Pakistan resents U.S. concession to India

Visibly riled by President Barack Obama’s visit and joint remarks with Prime Minister Narendra Modi, Pakistan has hit out at the Indo-U.S. joint statement that it says will have “longer term implications for Pakistan’s security.”

Pakistan Prime Minister Nawaz Sharif’s National Security Adviser Sartaj Aziz said in a statement that it opposed elements in the Indo-U.S. agreements including India’s entry to the Nuclear Suppliers Group, terrorism cooperation as well as U.S. endorsement for India in the U.N. Security Council.

On the issue of the NSG membership, Mr. Aziz said, “Pakistan is opposed to yet another country-specific exemption from NSG rules to grant membership to India,” adding this would “undermine the credibility of NSG and weaken the non-proliferation regime.”

Pakistan’s position was at odds with China’s statement of conditional support a day ago. “We believe that such [an] inclusion should be conducive to the integrity and effectiveness of the regime and decision should be made on consensus. We notice India’s commitment to relevant issues,” Chinese Foreign Ministry spokesperson Hua Chunying had said at a media briefing.

Veiled threat

Mr. Aziz also issued a veiled threat on the operationalisation of the nuclear deal, saying that the move on the basis of “political and economic expediencies” would have a “detrimental impact on deterrence stability in South Asia”, adding that “Pakistan reserves the right to safeguard its national security interests.”

On the joint statement declaration on terrorism, calling the Indo-U.S. partnership a defining one to counter terrorism in the 21st century, including a call to Pakistan to bring “perpetrators of the Mumbai attacks on November 2008” to justice, the Pakistani NSA said they would “reject any insinuation or aspersion over its commitment to fight terrorism.”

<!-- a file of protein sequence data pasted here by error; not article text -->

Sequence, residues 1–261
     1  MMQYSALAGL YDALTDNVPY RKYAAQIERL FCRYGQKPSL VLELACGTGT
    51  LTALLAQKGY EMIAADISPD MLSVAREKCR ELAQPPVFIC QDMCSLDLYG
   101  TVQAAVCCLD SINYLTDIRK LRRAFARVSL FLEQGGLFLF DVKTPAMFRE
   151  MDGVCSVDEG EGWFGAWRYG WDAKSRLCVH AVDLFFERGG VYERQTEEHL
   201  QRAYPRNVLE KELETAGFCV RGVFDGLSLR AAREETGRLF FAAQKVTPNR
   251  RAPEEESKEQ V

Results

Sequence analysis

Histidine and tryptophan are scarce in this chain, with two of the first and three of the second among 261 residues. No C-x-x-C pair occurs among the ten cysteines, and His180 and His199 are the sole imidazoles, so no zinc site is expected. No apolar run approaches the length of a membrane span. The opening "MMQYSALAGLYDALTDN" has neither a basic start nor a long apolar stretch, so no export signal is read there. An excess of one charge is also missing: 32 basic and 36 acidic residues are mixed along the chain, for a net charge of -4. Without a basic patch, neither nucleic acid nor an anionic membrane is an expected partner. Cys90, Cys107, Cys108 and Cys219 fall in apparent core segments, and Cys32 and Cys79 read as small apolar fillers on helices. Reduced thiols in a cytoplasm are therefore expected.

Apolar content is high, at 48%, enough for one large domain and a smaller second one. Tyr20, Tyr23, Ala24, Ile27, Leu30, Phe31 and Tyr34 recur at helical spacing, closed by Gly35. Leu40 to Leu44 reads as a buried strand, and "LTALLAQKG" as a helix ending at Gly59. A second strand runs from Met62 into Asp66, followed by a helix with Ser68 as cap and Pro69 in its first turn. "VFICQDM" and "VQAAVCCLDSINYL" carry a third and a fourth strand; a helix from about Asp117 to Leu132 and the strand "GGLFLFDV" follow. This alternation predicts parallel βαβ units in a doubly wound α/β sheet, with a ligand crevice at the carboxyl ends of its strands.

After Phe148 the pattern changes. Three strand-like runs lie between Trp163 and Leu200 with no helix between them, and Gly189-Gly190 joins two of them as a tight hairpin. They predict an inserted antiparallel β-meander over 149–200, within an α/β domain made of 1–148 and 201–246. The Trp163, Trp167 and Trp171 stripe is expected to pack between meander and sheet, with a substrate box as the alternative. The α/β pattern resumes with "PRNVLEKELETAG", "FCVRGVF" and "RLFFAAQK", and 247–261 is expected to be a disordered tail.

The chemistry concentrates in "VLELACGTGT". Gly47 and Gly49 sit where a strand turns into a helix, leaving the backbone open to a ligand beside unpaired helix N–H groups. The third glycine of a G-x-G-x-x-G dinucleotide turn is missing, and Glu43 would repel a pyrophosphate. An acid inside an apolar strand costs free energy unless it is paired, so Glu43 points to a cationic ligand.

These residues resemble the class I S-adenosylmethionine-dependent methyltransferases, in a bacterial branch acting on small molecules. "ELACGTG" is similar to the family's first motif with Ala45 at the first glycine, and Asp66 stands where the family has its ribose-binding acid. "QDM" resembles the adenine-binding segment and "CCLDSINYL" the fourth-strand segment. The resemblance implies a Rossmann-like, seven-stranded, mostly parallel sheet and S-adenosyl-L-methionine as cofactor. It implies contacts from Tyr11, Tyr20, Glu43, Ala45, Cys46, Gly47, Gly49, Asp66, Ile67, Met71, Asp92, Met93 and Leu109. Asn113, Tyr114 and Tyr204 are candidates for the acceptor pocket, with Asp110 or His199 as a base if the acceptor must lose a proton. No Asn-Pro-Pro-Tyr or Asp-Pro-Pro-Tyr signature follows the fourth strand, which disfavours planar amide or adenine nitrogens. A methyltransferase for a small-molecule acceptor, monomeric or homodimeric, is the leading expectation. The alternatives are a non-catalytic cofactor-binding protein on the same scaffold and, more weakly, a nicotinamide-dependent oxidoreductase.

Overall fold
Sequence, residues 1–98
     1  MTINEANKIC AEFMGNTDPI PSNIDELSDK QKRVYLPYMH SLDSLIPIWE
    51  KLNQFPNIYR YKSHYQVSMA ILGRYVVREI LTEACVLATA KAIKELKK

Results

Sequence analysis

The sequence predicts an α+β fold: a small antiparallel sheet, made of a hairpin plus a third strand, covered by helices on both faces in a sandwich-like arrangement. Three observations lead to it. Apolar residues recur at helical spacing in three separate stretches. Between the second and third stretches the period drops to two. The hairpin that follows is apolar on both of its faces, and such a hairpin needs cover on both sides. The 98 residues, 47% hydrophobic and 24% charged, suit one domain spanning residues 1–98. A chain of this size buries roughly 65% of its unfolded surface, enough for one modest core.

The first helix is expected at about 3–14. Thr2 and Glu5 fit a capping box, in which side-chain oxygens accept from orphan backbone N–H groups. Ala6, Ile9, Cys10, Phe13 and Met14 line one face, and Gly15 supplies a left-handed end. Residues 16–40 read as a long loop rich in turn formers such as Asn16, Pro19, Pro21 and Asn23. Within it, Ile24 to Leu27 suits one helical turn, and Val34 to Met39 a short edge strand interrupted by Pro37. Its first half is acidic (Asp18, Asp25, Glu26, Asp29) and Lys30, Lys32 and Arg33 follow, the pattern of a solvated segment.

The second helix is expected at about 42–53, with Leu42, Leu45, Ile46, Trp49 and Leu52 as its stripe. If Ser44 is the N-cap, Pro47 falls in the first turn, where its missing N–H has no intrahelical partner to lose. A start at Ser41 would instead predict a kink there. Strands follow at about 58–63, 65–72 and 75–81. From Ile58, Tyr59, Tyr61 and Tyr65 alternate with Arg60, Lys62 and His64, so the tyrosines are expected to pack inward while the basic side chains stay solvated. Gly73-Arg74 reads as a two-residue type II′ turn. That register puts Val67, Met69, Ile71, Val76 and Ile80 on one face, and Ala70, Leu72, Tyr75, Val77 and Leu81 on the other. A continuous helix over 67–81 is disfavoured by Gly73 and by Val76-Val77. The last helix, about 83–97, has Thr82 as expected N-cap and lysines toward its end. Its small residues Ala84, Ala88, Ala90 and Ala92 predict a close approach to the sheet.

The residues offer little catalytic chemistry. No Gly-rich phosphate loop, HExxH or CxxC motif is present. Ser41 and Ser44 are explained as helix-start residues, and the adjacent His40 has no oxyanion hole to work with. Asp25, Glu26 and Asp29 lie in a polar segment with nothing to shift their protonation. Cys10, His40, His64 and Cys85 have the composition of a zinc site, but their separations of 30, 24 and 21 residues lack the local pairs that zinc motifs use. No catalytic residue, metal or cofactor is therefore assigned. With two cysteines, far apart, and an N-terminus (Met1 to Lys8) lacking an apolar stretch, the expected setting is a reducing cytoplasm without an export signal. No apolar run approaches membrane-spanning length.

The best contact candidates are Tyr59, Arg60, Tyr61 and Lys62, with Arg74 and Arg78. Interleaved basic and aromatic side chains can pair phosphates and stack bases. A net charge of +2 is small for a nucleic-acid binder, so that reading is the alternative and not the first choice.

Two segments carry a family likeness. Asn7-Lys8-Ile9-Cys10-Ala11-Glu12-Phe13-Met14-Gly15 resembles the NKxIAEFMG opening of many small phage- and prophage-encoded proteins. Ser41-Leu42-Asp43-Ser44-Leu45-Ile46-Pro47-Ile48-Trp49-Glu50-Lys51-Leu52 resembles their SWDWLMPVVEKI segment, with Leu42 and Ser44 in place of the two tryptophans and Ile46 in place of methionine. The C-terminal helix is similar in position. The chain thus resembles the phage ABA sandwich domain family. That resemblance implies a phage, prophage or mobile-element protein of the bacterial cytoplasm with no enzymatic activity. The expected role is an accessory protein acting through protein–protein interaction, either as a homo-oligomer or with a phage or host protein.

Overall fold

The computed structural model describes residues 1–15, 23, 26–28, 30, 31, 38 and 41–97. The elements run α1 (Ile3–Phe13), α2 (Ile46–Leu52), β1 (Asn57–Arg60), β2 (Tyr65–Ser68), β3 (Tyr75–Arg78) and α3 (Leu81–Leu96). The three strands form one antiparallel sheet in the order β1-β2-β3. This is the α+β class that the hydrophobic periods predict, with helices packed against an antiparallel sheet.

In his statement, Mr. Aziz seemed to mirror the language of the joint statement by saying “Pakistan reiterates its call on India to bring the planners and perpetrators of the February 2007 Samjhauta Express terrorist attack to justice.”

U.N. Council seat

Pakistan also opposed Mr. Obama’s statement on supporting a reformed United Nations Security Council with India as a member, criticising what it claimed is India’s record on human rights.

Pakistan’s government has been under criticism internally for its failure to have President Obama visit Pakistan along with his visit to India this year. Mr. Obama is only the second U.S. President (after Jimmy Carter) not to travel to India and Pakistan together.

There was no immediate response from the Ministry of External Affairs to the Pakistani statement.

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Printable version | Nov 29, 2020 10:14:20 AM |

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